We would also suggest that American Apparel maximise its use of Facebook’s features and unique selling point of sharing, text posts, full albums and auto-play videos by posting the marketing collateral and editorial stills in a Facebook album for new collections in addition to featuring a full text write up about new collections.

Analysis & Evidence:

As opposed to the single post features of Instagram, launching the collection collateral on Facebook would enable the brand to give a more comprehensive view of the collection and better pique their interest as opposed to a single post on Instagram.

Moreover, with the Share feature on Facebook, which is absent on Instagram, American Apparel would be able to reach more people and generate more hype and buzz about its collection.

  • Instagram Strategies 

i) Adjust post content to show models of different body types and racial diversity #AAInclusivity

Solution:

What American Apparel can improve on and to strengthen its instagram presence is to adjust their instagram campaign to be more inclusive, something that it can achieve by including more models of racial diversity and of different body shapes in its instagram photos for a more inclusive image that appeals to the generation of millennials, the “instagram generation”.

Analysis & Evidence:

As body positivity and body inclusivity has become a major issue in recent years, especially amongst the millennial generation, as a result, businesses which have preyed upon body image insecurity have suffered in the face of the new educated millennial generation, one example of which is Abercrombie and Fitch. that many campaigns on social media are trending about the issue of non-representation of diverse body types in the media. For example, Blink Fitness’ new Every Body Happy campaign is all about inclusivity. Trending hashtags like #effyourbeautystandards (687,000hashtags), #honormycurves (294,000 hashtags), #celebratemystyle (125,000 hashtags) on instagram. E.g. Dove Real Beauty campaign.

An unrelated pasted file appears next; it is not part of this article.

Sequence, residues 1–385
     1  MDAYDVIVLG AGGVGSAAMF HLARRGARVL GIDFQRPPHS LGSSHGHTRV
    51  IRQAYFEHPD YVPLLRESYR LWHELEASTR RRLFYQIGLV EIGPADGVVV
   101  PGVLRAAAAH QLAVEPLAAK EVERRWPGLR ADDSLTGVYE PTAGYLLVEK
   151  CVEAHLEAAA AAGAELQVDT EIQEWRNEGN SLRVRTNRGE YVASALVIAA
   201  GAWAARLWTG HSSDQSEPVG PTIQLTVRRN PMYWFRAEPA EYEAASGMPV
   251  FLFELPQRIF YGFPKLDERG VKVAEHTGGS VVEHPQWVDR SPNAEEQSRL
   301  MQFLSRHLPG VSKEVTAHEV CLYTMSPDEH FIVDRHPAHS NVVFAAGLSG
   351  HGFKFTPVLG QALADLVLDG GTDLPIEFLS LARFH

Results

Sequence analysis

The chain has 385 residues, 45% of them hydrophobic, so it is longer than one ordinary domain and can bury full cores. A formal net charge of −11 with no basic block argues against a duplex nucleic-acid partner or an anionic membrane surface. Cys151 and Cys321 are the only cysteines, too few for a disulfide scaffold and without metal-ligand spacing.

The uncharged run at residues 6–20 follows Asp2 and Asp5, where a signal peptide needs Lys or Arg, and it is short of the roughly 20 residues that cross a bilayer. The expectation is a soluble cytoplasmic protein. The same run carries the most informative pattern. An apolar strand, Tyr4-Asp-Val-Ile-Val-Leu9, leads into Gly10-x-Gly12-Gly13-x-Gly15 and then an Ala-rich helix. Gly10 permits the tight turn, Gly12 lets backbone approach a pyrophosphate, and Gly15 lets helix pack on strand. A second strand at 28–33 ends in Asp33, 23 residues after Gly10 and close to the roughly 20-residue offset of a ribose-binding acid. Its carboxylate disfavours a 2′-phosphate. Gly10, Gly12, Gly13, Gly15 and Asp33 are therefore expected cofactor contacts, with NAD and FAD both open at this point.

ii) Inclusivity by capitalising on OOTD culture & featuring consumers on the instagram page

Solution:

Our suggestion is for American Apparel to capitalise on outfit of the day (OOTD) culture and hashtags where consumers hashtag their instagram outfit posts with “#AAOOTD” such that the team managing American Apparel’s instagram can select and feature the best dressed consumers on their instagram page.

Analysis & Evidence:

This would enable American Apparel’s consumers to develop a positive emotional connection with the brand by including them as part of the creative process in social media content generation that builds in them a sense of ownership towards the brand.

iii) American Apparel can consider using fashion influencers in their campaigns

Solution:

American Apparel also does not feature celebrities donning their apparel as a form of appeal to their target audience who are not as interested in celebrity culture. Instead, American Apparel can consider using Influencers in their campaigns like popular American street style blogger Jenn Im and giving them their own hashtag, #AAInfluencer for their followers to track.

Analysis & Evidence:

By appealing to influencers whose target audiences are of the same age group as American Apparel’s consumers, American Apparel would be able to tap on the influencer’s own fan-base to raise awareness, which acts as a kind of celebrity endorsement, and increase brand engagement since these influencers will enact the engagement that the brand needs.

Snapchat Strategies

Solution:

Instead of merely sharing snaps of behind the scenes of photoshoots and marketing collateral, American Apparel can fully utilise the real-time quality of snapchat to snap the daily life of an employee. They can include the day-to-day events of what an American Apparel employee experiences as well as the employee’s feelings and experiences while working on the job.

Analysis & Evidence:

Tied in with the Facebook strategy, it will lend more credibility to the brand image, in addition to connecting with the consumers and target audience on a more personal level.